— Jack Heneghan
Joan Christensen asserts: "Wall Street didn't crash our economy and cause mass unemployment!" But I'm afraid she's totally wrong. Wall Street and its moneymen leeches were almost singlehandedly to blame for creating and circulating a noxious form of derivative — called a "credit default swap" — which they then allowed to be buried in collateralized debt obligations (CDOs) and sold as Triple-A rated bonds (thanks to the same credit agencies like Standard & Poor's now trying to assess U.S. credit worthiness).
I suggest Christensen get hold of the October 2008 issue of Fortune magazine and the article: "The $55 Trillion Question." Therein she will find author Frank Partnoy's take:
"The big problem is there are so many public companies, banks and corporations, and no one really knows how much exposure they have to CDS (credit default swap) contracts. You can guess how Wall Street's cowboys responded to the opportunity to make deals that: (1) can be struck in a minute, (2) require little or no cash up front and (3) can cover anything."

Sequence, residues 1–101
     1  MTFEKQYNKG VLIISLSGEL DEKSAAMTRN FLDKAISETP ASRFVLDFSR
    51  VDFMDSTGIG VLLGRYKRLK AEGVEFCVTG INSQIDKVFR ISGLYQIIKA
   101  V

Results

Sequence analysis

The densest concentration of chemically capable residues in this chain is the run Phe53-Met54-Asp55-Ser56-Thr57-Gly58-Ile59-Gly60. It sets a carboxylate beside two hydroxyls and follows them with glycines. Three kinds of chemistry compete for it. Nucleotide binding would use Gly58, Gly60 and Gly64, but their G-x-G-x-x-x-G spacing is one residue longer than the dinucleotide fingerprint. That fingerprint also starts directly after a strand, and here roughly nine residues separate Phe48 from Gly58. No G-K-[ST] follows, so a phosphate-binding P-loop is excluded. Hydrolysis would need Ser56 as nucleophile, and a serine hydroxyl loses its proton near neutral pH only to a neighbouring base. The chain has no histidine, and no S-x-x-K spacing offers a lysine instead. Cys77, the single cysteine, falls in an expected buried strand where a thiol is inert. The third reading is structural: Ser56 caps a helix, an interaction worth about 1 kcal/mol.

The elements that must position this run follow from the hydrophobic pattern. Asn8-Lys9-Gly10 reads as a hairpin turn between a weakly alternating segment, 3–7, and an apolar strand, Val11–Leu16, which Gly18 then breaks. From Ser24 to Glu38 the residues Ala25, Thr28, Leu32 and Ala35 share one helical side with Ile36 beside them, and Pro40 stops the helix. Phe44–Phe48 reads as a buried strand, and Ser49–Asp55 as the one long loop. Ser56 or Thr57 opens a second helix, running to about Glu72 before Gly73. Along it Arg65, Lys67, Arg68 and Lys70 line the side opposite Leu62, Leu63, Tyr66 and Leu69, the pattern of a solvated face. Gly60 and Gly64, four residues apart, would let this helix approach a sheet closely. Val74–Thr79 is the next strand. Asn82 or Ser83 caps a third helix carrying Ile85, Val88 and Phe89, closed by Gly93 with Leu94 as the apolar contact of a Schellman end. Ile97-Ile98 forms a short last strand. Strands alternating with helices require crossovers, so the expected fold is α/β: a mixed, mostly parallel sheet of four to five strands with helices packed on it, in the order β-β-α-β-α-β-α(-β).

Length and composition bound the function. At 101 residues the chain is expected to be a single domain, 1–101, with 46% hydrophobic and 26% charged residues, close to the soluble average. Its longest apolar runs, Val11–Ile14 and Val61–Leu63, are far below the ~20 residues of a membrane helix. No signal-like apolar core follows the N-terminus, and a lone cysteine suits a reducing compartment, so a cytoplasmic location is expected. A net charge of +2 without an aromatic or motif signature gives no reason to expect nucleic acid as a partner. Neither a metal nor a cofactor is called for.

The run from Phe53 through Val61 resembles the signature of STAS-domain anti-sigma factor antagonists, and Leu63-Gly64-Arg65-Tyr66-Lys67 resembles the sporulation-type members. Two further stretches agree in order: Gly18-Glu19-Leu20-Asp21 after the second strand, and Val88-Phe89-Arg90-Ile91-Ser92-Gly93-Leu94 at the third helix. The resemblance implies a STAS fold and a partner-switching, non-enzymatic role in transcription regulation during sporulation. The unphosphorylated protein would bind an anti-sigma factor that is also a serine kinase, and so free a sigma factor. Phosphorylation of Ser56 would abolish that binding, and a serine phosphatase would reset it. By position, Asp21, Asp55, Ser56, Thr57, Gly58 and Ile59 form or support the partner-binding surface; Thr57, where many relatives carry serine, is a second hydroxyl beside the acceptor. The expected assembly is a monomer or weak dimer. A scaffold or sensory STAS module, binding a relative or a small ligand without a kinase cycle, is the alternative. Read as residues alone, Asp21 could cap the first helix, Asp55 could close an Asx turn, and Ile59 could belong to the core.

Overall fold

Wall Street's investment banks realized that the CDS bets as such might not grab the interest of the mainstream banks that they needed to buy in to them. After all, the banks could lose on many of these bets, and it would be to their unending detriment. Thus, the Maul Streeters took the CDSs and repackaged them along with regular mortgage securities — with CDOs, into what they called "structured investment vehicles" or SIVs.
These were then sliced and diced and sold to Main Street's banks and state pension funds as "safe securities." To make this "kosher," so to speak, bond rating companies were asked to give a bond rating, and preferably the safest (AAA), to signal to the mainstream banks these were A-OK purchases.
— Phil Stahl
Regarding Mr. McCullock's flaming "Read my lips" (Letters, June 30), it begs the question: "Why are liberals so angry?"